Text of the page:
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Automated UN Document Summaries

Automated UN Document Summaries

How might we make the United Nations's historical document archive, and other future UN documentation, more accessible?


The UN's Official Document System Search (ODS), built by the Technical Services Team in UN-OICT, is an open door to the entire collection of UN documents all the way back to its founding. In many ways, this archive's trail is a record of the world's history for the past decades. How might we make that record, and other future UN documentation, more accessible?

Our team collaborated with machine intelligence research company Fast Forward Labs (FFL) to improve keyword and topic extraction on official UN documents. Employing machine learning techniques, FFL were able to enrich the set of tags and classifiers applicable to UN documents to cover a greater range within the corpus. This approach offers flexibility across multiple languages and can be more sophisticated than regular expression recognition. 

The first experiment, lead by FFL's Data Scientist Micha Gorelick, resulted in a system that reorders the sentences in each document according to their potential to act as summaries. These higher-potential sentences are automatically brought to the top, rearranging the document into a more efficient read through a process called "extraction-based summarization."

For example, the 2007 paper "Arrangements for the Secretary-General’s high-level event entitled 'The future in our hands: addressing the leadership challenge of climate change'” can be summarized, in part, as the following:

The reports issued by the Intergovernmental Panel on Climate Change in 2007 show clearly that the warming of the Earth’s climate system is unequivocal and attributable to human activities. The high-level event will build on progress made to date in the framework of the Convention process and will take into account recent initiatives by other organs of the United Nations, notably the thematic debate that the President of the General Assembly convened in New York on 31 July and 1 and 2 August 2007.

The Secretary-General has encouraged the participation of all Heads of State or Government in the high-level event and has issued invitations to that effect. The Deputy Secretary-General and the three Special Envoys on Climate Change of the Secretary-General will serve as facilitators of one thematic plenary each, on behalf of the Secretary-General.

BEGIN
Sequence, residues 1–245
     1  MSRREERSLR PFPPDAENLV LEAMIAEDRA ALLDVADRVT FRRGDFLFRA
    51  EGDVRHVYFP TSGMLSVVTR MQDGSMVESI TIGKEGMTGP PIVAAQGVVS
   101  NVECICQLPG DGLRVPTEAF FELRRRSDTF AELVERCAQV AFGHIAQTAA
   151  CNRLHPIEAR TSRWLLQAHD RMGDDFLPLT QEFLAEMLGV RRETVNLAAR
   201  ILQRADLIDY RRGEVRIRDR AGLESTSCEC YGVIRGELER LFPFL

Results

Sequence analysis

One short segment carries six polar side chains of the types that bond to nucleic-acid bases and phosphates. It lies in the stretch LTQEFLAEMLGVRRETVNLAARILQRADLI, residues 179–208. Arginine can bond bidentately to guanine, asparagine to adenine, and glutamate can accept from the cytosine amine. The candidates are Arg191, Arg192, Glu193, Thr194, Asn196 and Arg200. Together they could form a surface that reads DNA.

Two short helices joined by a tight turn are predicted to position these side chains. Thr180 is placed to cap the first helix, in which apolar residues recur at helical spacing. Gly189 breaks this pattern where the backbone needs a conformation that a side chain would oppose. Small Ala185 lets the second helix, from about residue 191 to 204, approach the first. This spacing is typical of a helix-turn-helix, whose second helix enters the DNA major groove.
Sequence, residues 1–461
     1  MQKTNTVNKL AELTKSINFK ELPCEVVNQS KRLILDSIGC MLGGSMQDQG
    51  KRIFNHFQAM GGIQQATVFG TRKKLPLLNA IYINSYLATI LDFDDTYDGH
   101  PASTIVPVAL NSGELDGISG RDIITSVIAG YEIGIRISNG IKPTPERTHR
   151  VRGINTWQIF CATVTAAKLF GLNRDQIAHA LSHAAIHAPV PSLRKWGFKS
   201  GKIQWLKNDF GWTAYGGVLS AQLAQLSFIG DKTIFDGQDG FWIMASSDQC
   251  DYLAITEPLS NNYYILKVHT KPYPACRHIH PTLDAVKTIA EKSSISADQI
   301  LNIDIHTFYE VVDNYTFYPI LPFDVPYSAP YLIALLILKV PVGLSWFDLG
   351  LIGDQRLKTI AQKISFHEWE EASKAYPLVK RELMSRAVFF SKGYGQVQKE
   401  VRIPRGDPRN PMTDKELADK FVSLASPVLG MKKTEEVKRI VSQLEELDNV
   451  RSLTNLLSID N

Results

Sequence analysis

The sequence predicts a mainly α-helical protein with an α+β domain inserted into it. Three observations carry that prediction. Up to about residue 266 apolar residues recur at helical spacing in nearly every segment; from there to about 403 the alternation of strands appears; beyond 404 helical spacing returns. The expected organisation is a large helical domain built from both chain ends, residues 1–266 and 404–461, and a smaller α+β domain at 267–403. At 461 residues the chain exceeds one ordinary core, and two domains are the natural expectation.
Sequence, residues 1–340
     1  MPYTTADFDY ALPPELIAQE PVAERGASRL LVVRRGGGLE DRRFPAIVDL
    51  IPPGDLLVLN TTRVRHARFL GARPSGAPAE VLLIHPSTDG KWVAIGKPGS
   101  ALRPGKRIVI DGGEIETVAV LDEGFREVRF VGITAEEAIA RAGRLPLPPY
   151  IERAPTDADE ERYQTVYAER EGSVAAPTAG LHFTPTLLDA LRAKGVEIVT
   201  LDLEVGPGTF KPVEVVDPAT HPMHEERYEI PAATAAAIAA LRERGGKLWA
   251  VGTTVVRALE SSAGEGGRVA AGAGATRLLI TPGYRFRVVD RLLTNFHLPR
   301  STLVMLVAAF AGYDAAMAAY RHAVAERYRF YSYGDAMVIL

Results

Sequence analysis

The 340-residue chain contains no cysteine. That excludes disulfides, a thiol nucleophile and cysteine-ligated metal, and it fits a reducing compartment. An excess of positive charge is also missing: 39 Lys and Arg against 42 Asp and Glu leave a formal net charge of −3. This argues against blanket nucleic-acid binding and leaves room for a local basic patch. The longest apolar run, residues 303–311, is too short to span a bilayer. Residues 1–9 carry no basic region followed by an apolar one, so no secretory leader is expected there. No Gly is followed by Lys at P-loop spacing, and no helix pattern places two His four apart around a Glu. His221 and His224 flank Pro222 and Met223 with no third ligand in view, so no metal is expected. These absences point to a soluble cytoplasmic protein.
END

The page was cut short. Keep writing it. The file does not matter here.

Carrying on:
Let’s Compare

For comparison, the original:

And a sortable / rearrangeable version using using the described process. Sorting by “score” will rearrange the document in its summary-optimized form:


Distribution of strong summary sentences across the entire ODS collection.

Distribution of strong summary sentences across the entire ODS collection.

The tool was run across the thousands of existing documents in the UN ODS. This chart that shows where in the documents the most important sentences tend to occur across the entire collection. The x-axis shows percentage into the document. The y-axis shows the number of sentences across the entire corpus that appear as the top 5 sentences in an article.

Many occur in the beginning of the document, but there's quite a wide distribution. This would indicate that there is limited structural consistency from document-to-document across the collection.


In addition to improving search and providing more efficient access to existing documents, this document might also help in analyzing long-form text-based data in projects like the OCHA Libya Monitoring Tool, described in the Unite Newsletter here.


Watch Fast Forward Labs' webinar below to learn more about the technology, process, and potential applications for this:

Libya Humanitarian Monitoring Dashboard

Libya Humanitarian Monitoring Dashboard

Emerging Technology Workshops

Emerging Technology Workshops